From Business Insider, the simple, slick solution Apple has come up with for streaming music to your phone:
That’s why Apple is going to store small pieces of all of your songs on your device, even if you choose to get all your music on-demand from their cloud music service.
At least that’s what a patent Apple Insider uncovered indicates.
We’re betting they’ll store the first 10–20 seconds of each of your songs on your device, so when you choose a new song, it’ll start playing immediately as your device hooks up with the cloud and starts downloading the rest of your song…
And from Cnet, some label negotiation developments:
Apple has signed a cloud-music licensing agreement with EMI Music and is very near to completing deals with Universal Music Group and Sony Music Entertainment, multiple music industry sources told CNET.
Warner Music Group already had a deal in place with Apple, CNET reported last month. The licensing agreements will enable Apple to launch a fully licensed cloud-music service to rival unlicensed offerings of rivals Amazon and Google.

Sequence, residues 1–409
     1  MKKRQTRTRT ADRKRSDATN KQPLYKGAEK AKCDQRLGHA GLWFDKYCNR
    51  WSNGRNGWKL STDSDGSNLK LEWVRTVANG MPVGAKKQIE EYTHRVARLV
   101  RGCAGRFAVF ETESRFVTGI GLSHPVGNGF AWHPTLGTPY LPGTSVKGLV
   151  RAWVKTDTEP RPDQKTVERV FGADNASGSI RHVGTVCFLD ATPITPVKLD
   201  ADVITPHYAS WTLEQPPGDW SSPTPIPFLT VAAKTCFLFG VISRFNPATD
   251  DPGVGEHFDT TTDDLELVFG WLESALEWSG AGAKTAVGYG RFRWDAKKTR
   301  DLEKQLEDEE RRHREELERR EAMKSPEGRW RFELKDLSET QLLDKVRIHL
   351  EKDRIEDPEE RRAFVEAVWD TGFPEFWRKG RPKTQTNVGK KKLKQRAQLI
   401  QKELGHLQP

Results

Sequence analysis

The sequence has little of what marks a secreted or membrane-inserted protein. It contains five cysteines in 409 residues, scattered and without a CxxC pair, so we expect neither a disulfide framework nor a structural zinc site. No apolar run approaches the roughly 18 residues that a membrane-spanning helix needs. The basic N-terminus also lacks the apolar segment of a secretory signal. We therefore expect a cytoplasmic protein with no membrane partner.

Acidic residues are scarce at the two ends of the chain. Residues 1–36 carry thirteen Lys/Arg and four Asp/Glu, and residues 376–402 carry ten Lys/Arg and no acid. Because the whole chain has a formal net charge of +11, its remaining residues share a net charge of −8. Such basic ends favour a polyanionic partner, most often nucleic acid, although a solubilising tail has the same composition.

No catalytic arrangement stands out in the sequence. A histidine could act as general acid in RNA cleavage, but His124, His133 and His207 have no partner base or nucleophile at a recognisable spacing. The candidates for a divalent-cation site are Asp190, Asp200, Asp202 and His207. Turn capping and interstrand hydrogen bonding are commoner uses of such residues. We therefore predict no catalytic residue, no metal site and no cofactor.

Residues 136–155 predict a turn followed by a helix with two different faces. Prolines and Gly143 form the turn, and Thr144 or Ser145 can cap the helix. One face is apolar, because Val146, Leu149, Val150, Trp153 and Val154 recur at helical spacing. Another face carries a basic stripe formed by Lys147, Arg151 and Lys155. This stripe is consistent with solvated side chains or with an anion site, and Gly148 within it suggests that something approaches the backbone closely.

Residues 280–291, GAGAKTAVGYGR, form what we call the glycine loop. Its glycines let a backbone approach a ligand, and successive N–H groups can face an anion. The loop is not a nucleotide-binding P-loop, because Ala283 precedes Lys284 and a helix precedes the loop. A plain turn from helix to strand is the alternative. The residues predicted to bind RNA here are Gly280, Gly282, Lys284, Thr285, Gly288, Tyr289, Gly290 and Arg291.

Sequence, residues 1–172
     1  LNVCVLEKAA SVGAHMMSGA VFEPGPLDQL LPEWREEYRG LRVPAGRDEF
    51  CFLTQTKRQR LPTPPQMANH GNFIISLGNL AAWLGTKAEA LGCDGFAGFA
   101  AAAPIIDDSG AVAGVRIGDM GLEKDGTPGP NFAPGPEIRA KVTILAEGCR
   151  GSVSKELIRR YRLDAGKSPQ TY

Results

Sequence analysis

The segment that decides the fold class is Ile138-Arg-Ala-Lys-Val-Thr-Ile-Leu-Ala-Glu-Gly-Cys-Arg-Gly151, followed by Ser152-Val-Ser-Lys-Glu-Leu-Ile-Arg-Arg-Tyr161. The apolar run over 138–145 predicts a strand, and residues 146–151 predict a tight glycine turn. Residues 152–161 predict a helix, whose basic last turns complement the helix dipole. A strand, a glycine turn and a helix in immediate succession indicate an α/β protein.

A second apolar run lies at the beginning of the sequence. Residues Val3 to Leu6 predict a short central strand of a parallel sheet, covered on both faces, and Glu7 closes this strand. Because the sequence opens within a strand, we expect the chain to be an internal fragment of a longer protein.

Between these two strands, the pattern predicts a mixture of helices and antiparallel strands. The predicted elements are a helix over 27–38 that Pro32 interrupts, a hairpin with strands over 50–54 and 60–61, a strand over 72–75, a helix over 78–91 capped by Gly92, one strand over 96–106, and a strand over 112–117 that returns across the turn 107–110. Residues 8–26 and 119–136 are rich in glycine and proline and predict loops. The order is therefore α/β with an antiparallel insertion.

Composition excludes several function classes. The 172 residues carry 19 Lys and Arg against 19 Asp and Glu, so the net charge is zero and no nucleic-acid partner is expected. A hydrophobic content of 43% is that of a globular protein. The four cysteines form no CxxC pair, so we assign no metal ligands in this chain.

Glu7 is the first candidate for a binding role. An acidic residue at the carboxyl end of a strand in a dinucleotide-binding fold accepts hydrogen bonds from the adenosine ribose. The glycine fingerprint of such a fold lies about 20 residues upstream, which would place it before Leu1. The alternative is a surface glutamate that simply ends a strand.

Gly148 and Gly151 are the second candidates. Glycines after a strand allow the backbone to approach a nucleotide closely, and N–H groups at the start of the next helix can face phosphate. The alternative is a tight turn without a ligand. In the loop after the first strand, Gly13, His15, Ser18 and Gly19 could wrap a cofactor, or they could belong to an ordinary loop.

The negotiations with Sony Music Group and Universal Music Group could be wrapped up as early as next week, the sources said. What this means is that signed contracts with all four of the top four record companies will be in Apple’s hip pocket on June 6 when Apple kicks off the company’s Worldwide Developers Conference. The sources who spoke with CNET did not know when Apple would announce the deals or roll out the cloud service…
Billboard.biz on Apple’s inevitable domination:
If the reports are true, Apple has locked in licensing deals with two of the four major labels for its long-rumored cloud music service. According to CNET, EMI is the latest to officially sign on, joining Warner Music Group, which reportedly finalized agreements with Apple last month. And deals with Universal Music Group and Warner Music Group are “close.”
A Sony spokesman declined to comment, while representatives from the other majors were not immediately reachable. Apple also declined to comment.
If true, that would put Apple well on track to unveil some kind of cloud service at its June 6 developers conference. Exactly what will be launched remains an active point of speculation, but the assumption is that it will be another music locker that allows customers to store music on Apple’s servers, to be streamed to any Web-connected device…